NEW YORK — Photographic article featuring Passage Photographic Essay: "Views From a North American Passage"
8 states, 5 provinces, and 7500 miles traveled as one photographer aims to escape the rhythm of daily life
In June 2016, I started a road trip from Toronto to the west coast with the intention of experiencing a variety of locations while detaching from the rhythm of daily life—but mostly I just wanted to go back to the mountains and enjoy the Pacific Ocean again.
During three weeks on the road I drove for more than 7,500 miles, passing through Ontario, Michigan, Iowa, South Dakota, Wyoming, Montana, Idaho, Oregon, Washington, British Columbia, Alberta, Saskatchewan, Manitoba, and back to Ontario. Sometimes it's hard to explain how you lose the perception of time while on such a trip, but while driving for so long, one tends to get into a unique repetitive mode.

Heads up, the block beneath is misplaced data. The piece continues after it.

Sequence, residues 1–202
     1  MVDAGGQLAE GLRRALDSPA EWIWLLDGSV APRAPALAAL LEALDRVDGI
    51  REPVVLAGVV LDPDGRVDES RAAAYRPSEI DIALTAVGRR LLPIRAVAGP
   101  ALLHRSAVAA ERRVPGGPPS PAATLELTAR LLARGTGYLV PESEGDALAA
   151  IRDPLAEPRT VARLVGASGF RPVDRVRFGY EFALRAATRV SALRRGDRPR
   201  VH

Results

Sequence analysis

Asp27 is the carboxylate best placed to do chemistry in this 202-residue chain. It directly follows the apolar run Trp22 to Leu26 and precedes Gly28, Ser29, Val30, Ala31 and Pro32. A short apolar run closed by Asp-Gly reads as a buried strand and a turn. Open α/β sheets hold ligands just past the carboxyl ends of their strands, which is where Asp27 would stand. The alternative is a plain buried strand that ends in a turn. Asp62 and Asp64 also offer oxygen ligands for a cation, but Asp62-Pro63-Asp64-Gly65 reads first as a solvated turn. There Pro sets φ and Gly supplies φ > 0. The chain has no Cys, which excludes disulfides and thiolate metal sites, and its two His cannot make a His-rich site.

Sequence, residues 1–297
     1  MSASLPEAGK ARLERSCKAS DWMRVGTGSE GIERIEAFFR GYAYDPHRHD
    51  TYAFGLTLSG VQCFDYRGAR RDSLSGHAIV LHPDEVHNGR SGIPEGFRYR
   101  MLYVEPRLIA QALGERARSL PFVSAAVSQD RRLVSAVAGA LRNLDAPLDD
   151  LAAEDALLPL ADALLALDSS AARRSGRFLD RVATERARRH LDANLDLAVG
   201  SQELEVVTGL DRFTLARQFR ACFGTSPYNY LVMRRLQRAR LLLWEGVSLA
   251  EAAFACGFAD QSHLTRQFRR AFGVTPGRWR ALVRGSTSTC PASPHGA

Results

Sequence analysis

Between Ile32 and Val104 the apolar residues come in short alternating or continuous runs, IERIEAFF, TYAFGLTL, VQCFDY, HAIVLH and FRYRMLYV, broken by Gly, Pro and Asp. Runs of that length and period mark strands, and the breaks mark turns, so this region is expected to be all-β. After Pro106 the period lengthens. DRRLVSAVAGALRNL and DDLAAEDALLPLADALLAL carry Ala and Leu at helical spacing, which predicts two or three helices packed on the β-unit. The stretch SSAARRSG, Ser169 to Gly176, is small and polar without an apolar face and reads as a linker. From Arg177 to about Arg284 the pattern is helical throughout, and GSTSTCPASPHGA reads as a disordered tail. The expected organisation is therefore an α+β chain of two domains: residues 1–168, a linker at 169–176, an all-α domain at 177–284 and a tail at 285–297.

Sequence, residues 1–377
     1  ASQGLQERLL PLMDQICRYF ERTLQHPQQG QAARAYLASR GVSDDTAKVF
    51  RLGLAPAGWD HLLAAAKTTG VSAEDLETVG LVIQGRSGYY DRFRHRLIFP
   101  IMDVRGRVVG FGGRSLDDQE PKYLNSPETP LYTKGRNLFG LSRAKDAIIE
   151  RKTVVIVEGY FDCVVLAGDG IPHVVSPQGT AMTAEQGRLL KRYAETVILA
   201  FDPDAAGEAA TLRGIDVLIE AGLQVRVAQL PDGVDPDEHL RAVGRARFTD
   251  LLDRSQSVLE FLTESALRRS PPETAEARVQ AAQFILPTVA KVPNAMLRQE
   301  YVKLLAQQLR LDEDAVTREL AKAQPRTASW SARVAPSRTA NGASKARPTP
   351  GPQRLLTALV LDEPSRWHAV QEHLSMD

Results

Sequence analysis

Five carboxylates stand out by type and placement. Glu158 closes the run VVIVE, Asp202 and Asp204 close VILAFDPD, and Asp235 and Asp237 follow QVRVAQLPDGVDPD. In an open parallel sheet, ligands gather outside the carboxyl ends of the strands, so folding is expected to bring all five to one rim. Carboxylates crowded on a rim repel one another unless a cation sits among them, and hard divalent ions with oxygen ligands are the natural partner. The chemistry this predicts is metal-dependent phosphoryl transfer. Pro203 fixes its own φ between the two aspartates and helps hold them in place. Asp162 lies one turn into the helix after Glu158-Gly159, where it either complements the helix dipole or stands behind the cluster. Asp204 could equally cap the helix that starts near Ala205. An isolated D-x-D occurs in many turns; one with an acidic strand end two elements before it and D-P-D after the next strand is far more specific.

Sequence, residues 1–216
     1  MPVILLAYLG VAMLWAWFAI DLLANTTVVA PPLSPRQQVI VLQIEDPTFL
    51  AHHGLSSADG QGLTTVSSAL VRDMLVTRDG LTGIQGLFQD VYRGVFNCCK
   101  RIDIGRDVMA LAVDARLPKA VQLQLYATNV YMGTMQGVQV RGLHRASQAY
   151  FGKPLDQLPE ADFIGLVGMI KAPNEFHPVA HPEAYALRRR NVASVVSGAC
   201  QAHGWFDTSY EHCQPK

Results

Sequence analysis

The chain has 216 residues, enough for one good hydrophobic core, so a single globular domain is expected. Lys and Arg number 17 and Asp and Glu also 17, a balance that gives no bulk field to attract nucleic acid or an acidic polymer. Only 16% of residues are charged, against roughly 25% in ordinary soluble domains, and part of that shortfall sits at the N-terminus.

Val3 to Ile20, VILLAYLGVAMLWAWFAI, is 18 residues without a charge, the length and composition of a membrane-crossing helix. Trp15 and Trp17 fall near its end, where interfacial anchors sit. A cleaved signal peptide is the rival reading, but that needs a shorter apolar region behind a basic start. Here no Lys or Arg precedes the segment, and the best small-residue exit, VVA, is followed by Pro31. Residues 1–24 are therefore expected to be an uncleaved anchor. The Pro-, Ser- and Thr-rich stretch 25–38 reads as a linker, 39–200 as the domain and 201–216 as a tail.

On the road the landscape changes fast, sometimes faster than you realize, and every place surprises for its unique environments, culture, and differences. The energy and connection you create is never an expected, and your own way of reacting impacts the decisions you make and how you look at the land.
I use photography to document my response to the places I encounter. With a neutral view, the idea of belonging and memory has always been in my work. I search for details that connect to memories and to find new perspectives through places, geography, and time. Using film, I allow myself to slow down, observe, and learn. Sometimes this process feels like meditation, and here, being in the outdoors helped me to connect even more to what inspired this trip in the first place.